Surrounding ourselves only with those who agree with us creates a harmful echo chamber that leads to many inaccuracies in our view of the world.

Eli Frohmann-Matthews, writing in the North Star News at Niles North High School in Skokie, Illinois, reported some fact-checking from Mr Trump’s address to the nation last week. “What I mainly took away from Trump’s speech was his complete willingness to use the US government as leverage to further his own agenda,” he wrote. “Right now, our country is being affected in many ways because of this shutdown.”

Many unpaid TSA agents have had to go to food pantries to get food for their families; other federal workers are turning to substitute teaching. Many people are having to wait to start new jobs, even those not in the federal government, as employers wait on background checks from the FBI, which has, understandably, pulled resources to crime fighting and detecting. After all, crime still happens, even though the feds aren’t on the job as much.

Yet the president remains, for the most part, oblivious to these effects. That’s what comes from putting oneself in an echo chamber and not listening to views on all sides of important issues.

Paul Katula is the executive editor of the Voxitatis Research Foundation, which publishes this blog. For more information, see the About page.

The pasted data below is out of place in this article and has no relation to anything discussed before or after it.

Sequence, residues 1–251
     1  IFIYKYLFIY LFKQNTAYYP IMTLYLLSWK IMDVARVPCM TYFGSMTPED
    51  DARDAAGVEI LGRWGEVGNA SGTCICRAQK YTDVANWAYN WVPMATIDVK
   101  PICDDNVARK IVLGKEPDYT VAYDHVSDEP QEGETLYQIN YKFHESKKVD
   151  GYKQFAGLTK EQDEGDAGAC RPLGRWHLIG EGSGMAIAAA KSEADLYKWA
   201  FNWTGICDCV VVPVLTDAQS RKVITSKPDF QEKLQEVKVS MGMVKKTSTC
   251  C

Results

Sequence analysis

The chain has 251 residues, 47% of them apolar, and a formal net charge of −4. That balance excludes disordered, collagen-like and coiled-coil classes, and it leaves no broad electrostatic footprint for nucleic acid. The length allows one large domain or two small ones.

Recent posts

Girls’ volleyball champs in Illinois

We congratulate the Illinois state champions in girls' volleyball: Newark, St Teresa, Sterling, & Benet Academy.

A weekend of ‘band geeks’ across America

The musical Band Geeks was in performance at a MD high school, just as marching bands from across America named a national champion.

2 dead, 3 wounded in Calif. school shooting

Another school shooting has resulted in the death of 2 California high school students. The suspect shot himself and is in custody.

Mercury makes a transit; next in 2032

A transit of Mercury occurred today and was visible from the US, provided you had sunny skies. It was one of longest possible transits.

On the Naperville BWW racist incident

A racist incident at a Naperville, IL, sports bar indicates that the threads of racism are strong, perhaps as strong as ever.

IL bill could excuse absences to vote

A proposed law in IL could give students up to two hours during the school day so they could vote in the upcoming election.

Loan forgiveness gains some bipartisan support

One Republican from GA, who used to work under Betsy DeVos at the US Education Dept, offers a plan to forgive some student loan debt.

A band teacher is IL Teacher of the Year

IL named a band teacher the 2020 Teacher of the Year on Oct. 19. He individualizes music instruction and shares his work with 1000s.

‘Little Shop of Horrors’ bookends Halloween

Several high schools have decided to add a little spook to their musical stages in this season of Halloween. Music makes it happen.

New IL law ensures inclusion of LGBTQ+

A law will take effect next school year in IL that will require students to study LGBTQ history as part of the social studies curriculum.

MoCo doubles down on summer learning loss

Research is at least equivocal about summer learning loss, but maybe there's something to a new plan in Montgomery County, Md.

LEAVE A REPLY

Please enter your comment!
Please enter your name here

This site uses Akismet to reduce spam. Learn how your comment data is processed.